This kind of performative outrage enables anti-shippers to harass others by providing a moral shield for their attacks. Antis justify sending death threats to fellow fans and creators because they claim people who support “bad” ships promote those broadly objectionable things. Therefore, antis claim they are simply trying to protect their community from creating, engaging, and spreading inappropriate content (regardless if the content is actually inappropriate).
To see how this kind of hatred develops over time, and leads to problems in fan spaces, let’s take a closer look at the Voltron fandom. The fandom, unfortunately, has a large anti presence, and therefore a constant stream of harassment cases.
The two most popular pairings in the Voltron fandom are Keith and Lance, commonly known as Klance, and Keith and Shiro, or Sheith. Because both pairings involve Keith, there’s contention for the character, triggering a “ship war” in the fandom. Fans of both pairings often write Tumblr posts about why their pairing is better.
In the LiveJournal days, these “my ship is better than yours” posts would be referred to as “fan wank,” where wank is slang for nonsense. This wouldn’t be a problem – fan creators would be siloed into their respective communities and would only see content for their ship. But on Tumblr, because a post can have multiple tags and anyone can tag any post with any tag, simply looking at #Voltron means fans see content from #sheith and #klance shippers, as well as other pairings and “gen” or “general” posts, which don’t have pairings, in addition to all the wank.
Though the majority of Voltron fans who ship Klance aren’t antis, the majority of antis gravitate to Klance. Antis in the Voltron fandom began adopting the language of the social justice movement on Tumblr to justify their dislike for Sheith and other “shaladin” ships (Shiro/Paladin), and vehemently argue creators shouldn’t write or draw it. “Sheith is problematic, and you shouldn’t support it” replaces the simpler “this squicks me” from LiveJournal. The term “fan wank” is replaced with the more loaded term “fandom discourse.” As Tumblr user owl-song defined the term: “don’t call it wank, I am wanking about Very Serious Issues, you guys!”
In almost all cases, the reason a pairing is problematic is usually contrived – antis claim anyone who likes Sheith is supporting pedophilia (even though Shiro and Keith are both over 18), and incest (even though the characters are not related – a fact the show staff have repeatedly said).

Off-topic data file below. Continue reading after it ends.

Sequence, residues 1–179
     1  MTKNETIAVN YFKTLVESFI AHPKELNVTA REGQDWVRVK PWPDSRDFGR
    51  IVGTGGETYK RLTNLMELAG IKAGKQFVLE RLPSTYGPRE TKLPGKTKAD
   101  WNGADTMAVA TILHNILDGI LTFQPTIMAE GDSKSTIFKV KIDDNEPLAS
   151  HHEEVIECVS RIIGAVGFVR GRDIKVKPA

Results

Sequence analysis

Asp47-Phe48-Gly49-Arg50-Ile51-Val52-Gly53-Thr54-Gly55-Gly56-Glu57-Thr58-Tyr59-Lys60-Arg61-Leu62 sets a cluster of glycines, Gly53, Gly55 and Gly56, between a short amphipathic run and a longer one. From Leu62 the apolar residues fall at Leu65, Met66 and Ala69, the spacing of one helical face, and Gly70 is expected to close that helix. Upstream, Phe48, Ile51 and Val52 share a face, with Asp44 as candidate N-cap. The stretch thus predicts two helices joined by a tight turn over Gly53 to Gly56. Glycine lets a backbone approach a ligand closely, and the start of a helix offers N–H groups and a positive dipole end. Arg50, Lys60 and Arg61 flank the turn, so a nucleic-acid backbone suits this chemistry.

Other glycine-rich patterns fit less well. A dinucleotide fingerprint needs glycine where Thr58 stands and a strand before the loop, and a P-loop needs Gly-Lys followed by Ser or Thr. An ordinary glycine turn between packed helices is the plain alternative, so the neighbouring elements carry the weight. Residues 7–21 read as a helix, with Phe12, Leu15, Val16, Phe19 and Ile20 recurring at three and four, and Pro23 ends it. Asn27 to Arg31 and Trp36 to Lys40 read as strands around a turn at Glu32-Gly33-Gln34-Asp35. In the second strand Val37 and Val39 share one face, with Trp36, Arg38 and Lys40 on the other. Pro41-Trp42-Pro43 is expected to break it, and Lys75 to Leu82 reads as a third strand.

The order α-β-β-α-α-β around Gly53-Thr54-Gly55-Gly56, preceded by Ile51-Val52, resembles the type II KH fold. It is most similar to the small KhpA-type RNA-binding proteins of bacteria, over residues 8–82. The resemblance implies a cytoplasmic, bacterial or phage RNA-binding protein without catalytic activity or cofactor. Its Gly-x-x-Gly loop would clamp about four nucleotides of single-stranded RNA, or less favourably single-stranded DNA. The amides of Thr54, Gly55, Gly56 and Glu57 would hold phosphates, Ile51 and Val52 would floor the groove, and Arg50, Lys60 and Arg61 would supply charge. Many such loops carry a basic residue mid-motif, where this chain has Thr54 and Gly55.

They make these claims based on Shiro’s role as a mentor figure to younger Keith, and Keith comparing Shiro to a brother figure, respectively. Antis further argue that because the pairing is “problematic,” depicting it normalizes and endorses child abuse. Anti arguments may shift over time, but the critical thing to note is 1) competing popular pairings (pairings that share characters with the anti-favored pairing) are always problematic, and 2) the anti-preferred pairing is never problematic. If you take nothing else from this article, please take this: all this outrage isn’t about protecting children, or about morality, or about critiquing media. It’s about people wanting their favorite characters to kiss.
Even though it’s a false argument, the antis, armed with the cause of protecting the children from seeing abusive relationships, threaten any visible Sheith shipper in the fandom, such as popular fan artists and authors. Paul Booth, a professor of media studies at DePaul University, spoke to Polygon about this issue. He explained, “I’ve researched toxic fan activity, which I call ‘protective fandom.’ These groups are not merely forming around a particular text or a particular medium. They see themselves as the protector of it. They see themselves as the line between what they want it to be and what other people want it to be.”
Antis will also try to reach outside of the fandom to poison other people to the ship, which is ultimately what drove me to write this article. I saw a tweet saying “I hope the Dragon Prince fandom doesn’t become Voltron 2.0.” I expected them to discuss the rampant death threats to fans and voice actors on Voltron, and how they were concerned the new Netflix animated show might suffer the same fate. Instead, they followed up with, “Voltron fandom is really toxic, there are all these people who like this pedo content…” This is a common anti-strategy – the goal is to convince people who don’t have fandom context to think a pairing (or the people that support it) is harmful. This effectively gives the antis proxy fighters on Twitter and Tumblr – users who don’t watch the show but will write call-out posts when they see people ship the target pairing. You can see a user attempting to modify a wiki article on Sheith to make it read as incest here. Their screen name should give you a hint that they might be biased.
They also might try to force the show itself to change content by manufacturing enough outrage, as one former anti wrote about on Twitter:
Sadly, creators and staff of the original media are not exempt from this fury – in an interview with Afterbuzz TV, one voice actor said he thought fans should be able to ship what they want without being harassed. He later would disengage from fandom significantly after receiving death threats in response to his answer on shipping.